|Talking Points Memo|
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The Monterey Shale
extends through most of central California and has as much as 15.4 million barrels of oil, according to an estimate.
The Obama Administration gave companies the go-ahead to use hydraulic fracturing -- or fracking -- to try and tap that gas, but a judge on Monday ruled that the oil leases did not judge the environmental impact of fracking and are illegal, according to reports.
Shale oil is notoriously hard to tap, with rock and other organic material throughout the oil deposits. And fracking, of course, is notoriously controversial and quite possibly dangerous: The process involves blasting a high-pressure mixture of sand, water and still-unknown chemicals through shale formations, which then forces the valuable oil to bubble to the surface. This has been known to lead to small earthquakes as well as health hazards.
The Bureau of Land Management issued in 2011 two leases that would have allowed "oil and gas development" on a pair of 2,500-acre tracts, according to Reuters.
And the BLM erred, according to U.S. District Judge Paul Grewal in San Jose, in declining to conduct any kind of study on fracking's environmental impact.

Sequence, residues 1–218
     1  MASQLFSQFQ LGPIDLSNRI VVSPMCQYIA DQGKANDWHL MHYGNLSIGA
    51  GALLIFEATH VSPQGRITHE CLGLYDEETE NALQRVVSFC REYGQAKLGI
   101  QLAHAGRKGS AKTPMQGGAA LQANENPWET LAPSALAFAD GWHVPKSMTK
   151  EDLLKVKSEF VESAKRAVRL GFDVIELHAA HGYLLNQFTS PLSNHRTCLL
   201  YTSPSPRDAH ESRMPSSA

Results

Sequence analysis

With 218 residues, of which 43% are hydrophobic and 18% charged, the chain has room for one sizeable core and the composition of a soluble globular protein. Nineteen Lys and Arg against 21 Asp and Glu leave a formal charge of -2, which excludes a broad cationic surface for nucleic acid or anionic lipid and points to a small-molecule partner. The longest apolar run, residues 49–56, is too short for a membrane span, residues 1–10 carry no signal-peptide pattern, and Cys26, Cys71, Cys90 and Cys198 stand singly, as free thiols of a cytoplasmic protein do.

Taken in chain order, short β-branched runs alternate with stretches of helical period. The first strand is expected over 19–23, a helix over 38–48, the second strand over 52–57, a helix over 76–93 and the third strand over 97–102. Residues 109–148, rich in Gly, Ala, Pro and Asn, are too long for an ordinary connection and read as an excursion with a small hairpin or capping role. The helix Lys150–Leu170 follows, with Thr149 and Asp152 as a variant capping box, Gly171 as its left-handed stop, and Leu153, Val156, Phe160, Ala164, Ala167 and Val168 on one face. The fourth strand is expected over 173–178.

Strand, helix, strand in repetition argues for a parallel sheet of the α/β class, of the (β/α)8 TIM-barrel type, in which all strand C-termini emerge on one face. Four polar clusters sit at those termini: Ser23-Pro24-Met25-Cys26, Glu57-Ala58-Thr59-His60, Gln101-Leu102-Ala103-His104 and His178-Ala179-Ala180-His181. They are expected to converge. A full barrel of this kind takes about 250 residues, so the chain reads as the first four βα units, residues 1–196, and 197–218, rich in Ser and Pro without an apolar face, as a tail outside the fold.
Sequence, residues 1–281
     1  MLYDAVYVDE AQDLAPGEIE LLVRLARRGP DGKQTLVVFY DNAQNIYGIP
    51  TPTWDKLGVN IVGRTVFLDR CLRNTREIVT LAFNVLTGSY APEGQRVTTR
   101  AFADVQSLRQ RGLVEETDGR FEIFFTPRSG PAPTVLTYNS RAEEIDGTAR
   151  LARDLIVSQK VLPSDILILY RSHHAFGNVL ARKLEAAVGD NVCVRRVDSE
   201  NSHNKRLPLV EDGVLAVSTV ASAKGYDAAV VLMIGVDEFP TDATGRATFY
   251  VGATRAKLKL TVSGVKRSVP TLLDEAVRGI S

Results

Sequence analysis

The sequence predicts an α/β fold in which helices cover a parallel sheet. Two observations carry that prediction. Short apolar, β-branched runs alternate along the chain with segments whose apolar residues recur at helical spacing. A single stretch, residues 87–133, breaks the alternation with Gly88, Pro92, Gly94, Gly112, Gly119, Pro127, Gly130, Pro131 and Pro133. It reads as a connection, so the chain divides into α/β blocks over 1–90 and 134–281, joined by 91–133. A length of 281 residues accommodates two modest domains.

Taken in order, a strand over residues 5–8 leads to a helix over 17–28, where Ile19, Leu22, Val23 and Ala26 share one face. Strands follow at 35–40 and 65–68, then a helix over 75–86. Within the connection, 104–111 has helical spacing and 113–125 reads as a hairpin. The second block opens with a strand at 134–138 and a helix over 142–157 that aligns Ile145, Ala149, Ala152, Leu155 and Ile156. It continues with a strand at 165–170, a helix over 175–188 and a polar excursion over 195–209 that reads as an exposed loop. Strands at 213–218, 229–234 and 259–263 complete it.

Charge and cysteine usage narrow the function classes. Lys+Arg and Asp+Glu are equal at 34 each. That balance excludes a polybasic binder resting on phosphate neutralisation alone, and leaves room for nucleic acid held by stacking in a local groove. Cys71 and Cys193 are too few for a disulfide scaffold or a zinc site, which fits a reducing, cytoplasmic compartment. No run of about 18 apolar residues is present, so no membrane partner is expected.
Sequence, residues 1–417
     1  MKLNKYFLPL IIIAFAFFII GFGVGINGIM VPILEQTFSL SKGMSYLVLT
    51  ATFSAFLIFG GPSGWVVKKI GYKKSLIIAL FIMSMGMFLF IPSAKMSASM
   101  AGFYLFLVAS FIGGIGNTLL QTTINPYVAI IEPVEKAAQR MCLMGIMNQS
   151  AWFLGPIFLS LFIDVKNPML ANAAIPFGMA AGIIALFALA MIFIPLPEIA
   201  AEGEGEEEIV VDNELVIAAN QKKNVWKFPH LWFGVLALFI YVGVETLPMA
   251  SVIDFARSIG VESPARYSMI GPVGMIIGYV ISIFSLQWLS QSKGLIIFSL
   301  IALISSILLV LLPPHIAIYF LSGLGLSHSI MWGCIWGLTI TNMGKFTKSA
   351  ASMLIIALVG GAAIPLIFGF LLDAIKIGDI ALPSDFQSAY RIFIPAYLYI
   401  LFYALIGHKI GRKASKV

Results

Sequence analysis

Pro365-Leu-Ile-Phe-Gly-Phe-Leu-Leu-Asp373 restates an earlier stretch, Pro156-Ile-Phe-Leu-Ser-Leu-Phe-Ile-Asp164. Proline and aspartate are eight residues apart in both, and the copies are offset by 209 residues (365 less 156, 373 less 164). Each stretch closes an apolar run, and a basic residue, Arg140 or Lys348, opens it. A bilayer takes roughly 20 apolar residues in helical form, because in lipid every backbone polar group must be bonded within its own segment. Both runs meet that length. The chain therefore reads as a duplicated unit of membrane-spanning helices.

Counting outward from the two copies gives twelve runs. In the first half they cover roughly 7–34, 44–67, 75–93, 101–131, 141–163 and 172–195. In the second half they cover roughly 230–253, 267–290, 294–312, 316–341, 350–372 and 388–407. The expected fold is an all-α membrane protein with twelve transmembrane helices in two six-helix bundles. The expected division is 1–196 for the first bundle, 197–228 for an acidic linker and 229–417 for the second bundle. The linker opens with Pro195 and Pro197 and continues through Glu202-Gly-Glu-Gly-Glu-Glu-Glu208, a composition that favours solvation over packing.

Grewal's ruling came in a lawsuit brought by the Center for Biological Diversity and the Sierra Club.
All drilling is now off until the environmentalists and the oil companies can come to an agreement, according to Reuters. If not, there will be more litigating.
The environmentalists hailed the ruling as a milestone -- a first-ever push for accountability over the use of fracking.
"It's the first federal court opinion we're aware of that explicitly holds that federal agencies have to analyze the environmental impacts of fracking when carrying out an oil and gas leasing program," attorney Brendan Cummings told Reuters.
It should be noted that no less an environmentally-minded man than Gov. Jerry Brown recently praised fracking as a possible method to unlock California's untapped shale oil reserves -- and a study released in March estimated that fracking along the entire Monterey Shale, which extends into the economically depressed San Joaquin Valley, could create over 500,000 jobs.